News / Africa

UN Programs Accused of Aiding Extremists in Somalia

More details of a confidential United Nations report on Somalia that accuses the U.N.'s World Food Program of unwittingly diverting food aid to Islamist extremists and criminals have surfaced.  This time, the World Food Program and the U.N.'s children's agency, UNICEF, are accused of working with a shady Somali businessman with close ties to al-Qaida-linked militants in the southwestern town of Baidoa.

A section of the U.N. Monitoring Group's 74-page report on Somalia alleges that the Somali businessman, identified as Abdullah Ali "Luway," has been using his position as a contractor for the World Food Program and UNICEF to enrich himself and al-Qaida-linked al-Shabab Islamists in Baidoa.

Abdullah Ali is described as a prominent businessman, who rents vehicles to both U.N. agencies in Baidoa and receives $3,000 every month from UNICEF as payment for the use of a building that formerly housed Somalia's transitional parliament.

According to the U.N. report, Ali is also the local financier of the al-Shabab, listed as a terrorist organization by several western countries, including the United States.  Ali is said to be a close associate of al-Shabab leader Muktar Robow Abu Mansour and is suspected of helping al-Shabab loot the U.N. compound in Baidoa last July.   

UNICEF officials say they have not seen the report, but will investigate the issue after they have had a chance to study it.  The World Food Program says it, too, is investigating the allegations against Ali.   

In what the authors of the U.N. report called a "case study" in how U.N. agencies are unwittingly working with criminals in Somalia, Ali is alleged to have received more than $1.3 million in ransom last October for the release of three French aid workers with the humanitarian group Action Against Hunger who had been kidnapped by gunmen in July 2009.  

World Food Program's spokesman, Peter Smerdon acknowledged that Ali worked with the U.N. food agency in 2008 and 2009, and there have been rumors as to what Ali's role may have been in the kidnapping of the international aid workers.

But Smerdon says last July's kidnapping incident took place in the Kenyan town of Mandera and there were no French nationals among the hostages.

"Action Against Hunger aid workers from Zimbabwe, Pakistan, and the United States were seized from the northeastern town of Mandera in July 2009 and released in October.  The Monitoring Group seems to have confused this with another kidnapping - which was of two French, a Bulgarian, and a Belgian working for Action Against Hunger - in Dhusamareb in 2008," he said.

Smerdon says while the World Food Program is deeply concerned that one of its Somali contractors has been identified as a criminal with extremist ties, inaccuracies in the report raise questions about the thoroughness of the research.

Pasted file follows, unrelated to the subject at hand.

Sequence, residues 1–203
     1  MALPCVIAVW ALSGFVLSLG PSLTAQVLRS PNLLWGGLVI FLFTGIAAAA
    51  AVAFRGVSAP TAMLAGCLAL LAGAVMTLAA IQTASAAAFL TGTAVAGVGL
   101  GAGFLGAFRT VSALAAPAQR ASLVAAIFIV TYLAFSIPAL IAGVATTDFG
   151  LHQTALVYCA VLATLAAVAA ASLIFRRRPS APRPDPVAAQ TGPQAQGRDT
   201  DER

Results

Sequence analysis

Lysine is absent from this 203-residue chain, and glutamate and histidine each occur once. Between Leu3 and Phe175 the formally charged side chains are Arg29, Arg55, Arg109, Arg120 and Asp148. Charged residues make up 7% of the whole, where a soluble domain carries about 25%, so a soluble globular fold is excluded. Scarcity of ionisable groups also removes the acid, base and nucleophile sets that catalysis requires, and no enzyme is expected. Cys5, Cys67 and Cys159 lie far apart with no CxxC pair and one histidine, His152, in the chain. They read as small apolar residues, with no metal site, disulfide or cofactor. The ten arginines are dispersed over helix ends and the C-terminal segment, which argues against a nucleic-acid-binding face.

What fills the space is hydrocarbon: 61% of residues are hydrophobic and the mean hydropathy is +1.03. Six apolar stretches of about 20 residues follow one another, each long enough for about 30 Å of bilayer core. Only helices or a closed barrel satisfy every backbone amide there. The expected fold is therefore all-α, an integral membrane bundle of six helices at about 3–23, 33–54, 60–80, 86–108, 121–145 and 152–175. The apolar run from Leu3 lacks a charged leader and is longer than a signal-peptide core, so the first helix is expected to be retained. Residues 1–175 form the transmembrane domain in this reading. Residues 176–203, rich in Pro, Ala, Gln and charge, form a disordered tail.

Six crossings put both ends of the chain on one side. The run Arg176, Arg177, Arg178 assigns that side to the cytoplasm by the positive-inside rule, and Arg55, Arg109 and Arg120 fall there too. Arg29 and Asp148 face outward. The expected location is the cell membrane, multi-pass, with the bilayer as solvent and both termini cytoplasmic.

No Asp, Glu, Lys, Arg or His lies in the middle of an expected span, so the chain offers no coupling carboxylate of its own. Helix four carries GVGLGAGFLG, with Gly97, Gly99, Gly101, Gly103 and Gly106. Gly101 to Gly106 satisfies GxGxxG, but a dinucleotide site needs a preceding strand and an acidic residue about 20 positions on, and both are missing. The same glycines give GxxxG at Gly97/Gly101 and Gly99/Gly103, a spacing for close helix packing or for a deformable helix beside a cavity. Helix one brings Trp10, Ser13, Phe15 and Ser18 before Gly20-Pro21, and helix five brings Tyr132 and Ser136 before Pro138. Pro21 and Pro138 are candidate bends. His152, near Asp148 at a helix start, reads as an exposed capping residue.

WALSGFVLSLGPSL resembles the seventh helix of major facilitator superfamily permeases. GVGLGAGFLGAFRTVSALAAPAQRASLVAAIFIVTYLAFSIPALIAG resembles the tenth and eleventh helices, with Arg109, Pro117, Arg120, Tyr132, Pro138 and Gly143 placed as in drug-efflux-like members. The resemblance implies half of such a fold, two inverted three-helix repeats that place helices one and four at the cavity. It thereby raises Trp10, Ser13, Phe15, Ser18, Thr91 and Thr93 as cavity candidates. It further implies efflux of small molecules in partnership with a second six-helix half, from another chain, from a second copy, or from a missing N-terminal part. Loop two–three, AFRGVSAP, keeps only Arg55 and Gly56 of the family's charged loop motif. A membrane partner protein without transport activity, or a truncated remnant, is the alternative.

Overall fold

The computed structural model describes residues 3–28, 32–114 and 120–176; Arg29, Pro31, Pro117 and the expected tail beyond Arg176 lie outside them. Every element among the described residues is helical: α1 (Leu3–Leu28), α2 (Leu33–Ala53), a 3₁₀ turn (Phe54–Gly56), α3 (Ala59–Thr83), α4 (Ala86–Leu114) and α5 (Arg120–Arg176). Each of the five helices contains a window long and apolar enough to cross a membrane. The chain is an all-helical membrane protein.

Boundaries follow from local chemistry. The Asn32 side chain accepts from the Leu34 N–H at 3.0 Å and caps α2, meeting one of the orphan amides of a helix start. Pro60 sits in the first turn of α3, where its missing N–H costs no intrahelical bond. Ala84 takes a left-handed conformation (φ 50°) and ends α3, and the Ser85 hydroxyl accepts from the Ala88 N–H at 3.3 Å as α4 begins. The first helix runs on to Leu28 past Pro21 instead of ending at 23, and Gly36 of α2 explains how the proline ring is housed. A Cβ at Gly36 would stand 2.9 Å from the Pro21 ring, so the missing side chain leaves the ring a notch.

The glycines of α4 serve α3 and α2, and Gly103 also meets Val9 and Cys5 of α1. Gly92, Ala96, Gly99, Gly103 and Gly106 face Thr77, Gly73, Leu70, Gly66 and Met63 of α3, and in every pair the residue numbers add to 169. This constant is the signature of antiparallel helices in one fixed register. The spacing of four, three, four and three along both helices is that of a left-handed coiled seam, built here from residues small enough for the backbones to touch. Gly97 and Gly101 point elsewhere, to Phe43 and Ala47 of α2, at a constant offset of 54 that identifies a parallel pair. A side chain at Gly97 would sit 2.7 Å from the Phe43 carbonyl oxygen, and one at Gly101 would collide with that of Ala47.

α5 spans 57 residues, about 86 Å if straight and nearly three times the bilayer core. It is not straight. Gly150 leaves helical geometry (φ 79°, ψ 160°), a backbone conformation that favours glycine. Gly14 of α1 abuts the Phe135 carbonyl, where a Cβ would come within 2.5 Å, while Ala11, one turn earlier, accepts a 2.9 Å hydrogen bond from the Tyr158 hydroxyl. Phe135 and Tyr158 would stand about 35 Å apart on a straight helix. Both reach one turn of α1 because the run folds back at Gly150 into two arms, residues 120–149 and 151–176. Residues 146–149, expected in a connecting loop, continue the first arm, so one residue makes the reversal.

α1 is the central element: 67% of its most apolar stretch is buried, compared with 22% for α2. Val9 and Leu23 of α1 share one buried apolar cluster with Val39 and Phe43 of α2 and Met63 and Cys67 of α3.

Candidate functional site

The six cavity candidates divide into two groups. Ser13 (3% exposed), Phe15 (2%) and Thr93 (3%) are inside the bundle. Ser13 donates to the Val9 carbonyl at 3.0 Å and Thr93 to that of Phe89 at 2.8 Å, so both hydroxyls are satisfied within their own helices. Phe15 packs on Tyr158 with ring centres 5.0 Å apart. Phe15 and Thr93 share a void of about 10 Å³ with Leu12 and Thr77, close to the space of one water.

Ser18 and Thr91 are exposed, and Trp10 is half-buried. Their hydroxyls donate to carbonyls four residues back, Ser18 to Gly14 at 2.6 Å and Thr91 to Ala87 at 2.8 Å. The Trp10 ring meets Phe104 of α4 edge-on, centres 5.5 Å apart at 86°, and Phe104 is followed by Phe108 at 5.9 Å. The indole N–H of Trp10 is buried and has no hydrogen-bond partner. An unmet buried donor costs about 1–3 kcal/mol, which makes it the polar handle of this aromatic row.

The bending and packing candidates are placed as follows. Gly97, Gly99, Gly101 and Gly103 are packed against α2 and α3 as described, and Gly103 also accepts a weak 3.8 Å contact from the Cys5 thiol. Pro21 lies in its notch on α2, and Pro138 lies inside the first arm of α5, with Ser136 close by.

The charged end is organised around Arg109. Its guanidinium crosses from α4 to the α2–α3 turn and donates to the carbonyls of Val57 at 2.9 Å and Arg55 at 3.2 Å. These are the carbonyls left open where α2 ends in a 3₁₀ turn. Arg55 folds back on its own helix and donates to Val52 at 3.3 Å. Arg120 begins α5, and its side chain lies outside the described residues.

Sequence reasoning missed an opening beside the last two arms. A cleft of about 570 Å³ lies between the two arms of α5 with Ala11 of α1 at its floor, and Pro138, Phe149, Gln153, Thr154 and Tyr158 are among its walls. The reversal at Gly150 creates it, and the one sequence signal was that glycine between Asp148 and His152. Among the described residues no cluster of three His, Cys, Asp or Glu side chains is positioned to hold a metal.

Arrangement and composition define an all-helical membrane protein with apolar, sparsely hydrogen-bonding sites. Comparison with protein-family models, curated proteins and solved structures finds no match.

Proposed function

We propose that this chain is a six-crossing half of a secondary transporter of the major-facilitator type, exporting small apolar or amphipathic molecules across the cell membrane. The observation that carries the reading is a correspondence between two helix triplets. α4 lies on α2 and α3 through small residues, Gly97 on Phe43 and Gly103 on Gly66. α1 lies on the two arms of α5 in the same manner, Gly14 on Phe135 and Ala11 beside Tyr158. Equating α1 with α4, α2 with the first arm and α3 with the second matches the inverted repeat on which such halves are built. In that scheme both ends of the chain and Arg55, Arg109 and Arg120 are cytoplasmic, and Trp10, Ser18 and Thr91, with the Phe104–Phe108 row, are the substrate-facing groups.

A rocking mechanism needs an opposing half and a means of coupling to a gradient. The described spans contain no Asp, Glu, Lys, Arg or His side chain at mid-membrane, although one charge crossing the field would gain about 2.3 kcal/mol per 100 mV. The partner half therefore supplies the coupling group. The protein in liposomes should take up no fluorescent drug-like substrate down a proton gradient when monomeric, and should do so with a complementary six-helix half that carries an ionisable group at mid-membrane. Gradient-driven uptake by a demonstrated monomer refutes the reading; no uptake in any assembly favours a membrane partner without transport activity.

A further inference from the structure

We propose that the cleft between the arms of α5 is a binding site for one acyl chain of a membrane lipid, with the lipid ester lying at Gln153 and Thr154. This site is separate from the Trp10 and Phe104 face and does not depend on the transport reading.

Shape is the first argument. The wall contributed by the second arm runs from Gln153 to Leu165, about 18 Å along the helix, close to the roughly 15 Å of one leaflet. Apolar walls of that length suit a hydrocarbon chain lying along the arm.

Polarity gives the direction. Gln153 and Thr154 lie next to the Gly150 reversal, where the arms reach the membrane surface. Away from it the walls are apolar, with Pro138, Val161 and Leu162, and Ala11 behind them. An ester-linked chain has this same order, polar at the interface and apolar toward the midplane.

The World Food Program has contested what it said were inaccuracies in the report about the agency's operational record and spending in Somalia.  The U.N. report alleges that as much as half of the food aid in Somalia is being diverted to a network of contractors and local U.N. staff members, and Islamist militants.

The Monitoring Group is urging U.N. Secretary-General Ban Ki-moon launch an independent investigation into the World Food Program's operation in Somalia.  The U.N. food agency says it ready to cooperate with any investigation. 
The Security Council is expected to discuss the report next week. 

You May Like

Egypt's Suez Canal Dreams Tempered by Continued Unrest

Seen as a potential driver of recovery, Cairo’s plan to expand waterway had been raising hopes to give country much needed economic boost More

Ebola Maternity Ward in Sierra Leone First of its Kind

Country already had one of world's highest maternal mortality rates before Ebola arrived, virus has added even more complications to health care More

Malaysia Flight 370 Disappearance Ruled Accident

Aircraft disappeared on March 8, 2014; with ruling, families of 239 passengers and crew can now seek compensation from airline More

This forum has been closed.
Comments
     
There are no comments in this forum. Be first and add one

Featured Videos

Your JavaScript is turned off or you have an old version of Adobe's Flash Player. Get the latest Flash player.
Groundbreaking Hand-Painted Documentary About Van Gogh in Productioni
X
George Putic
January 29, 2015 9:43 PM
The troubled life of the famous 19th century Dutch painter Vincent van Gogh has been told through many books and films, but never in the way a group of filmmakers now intends to do. "Loving Vincent " will be the first ever feature-length film made of animated hand-painted images, done in the style of the late artist. VOA’s George Putic reports.
Video

Video Groundbreaking Hand-Painted Documentary About Van Gogh in Production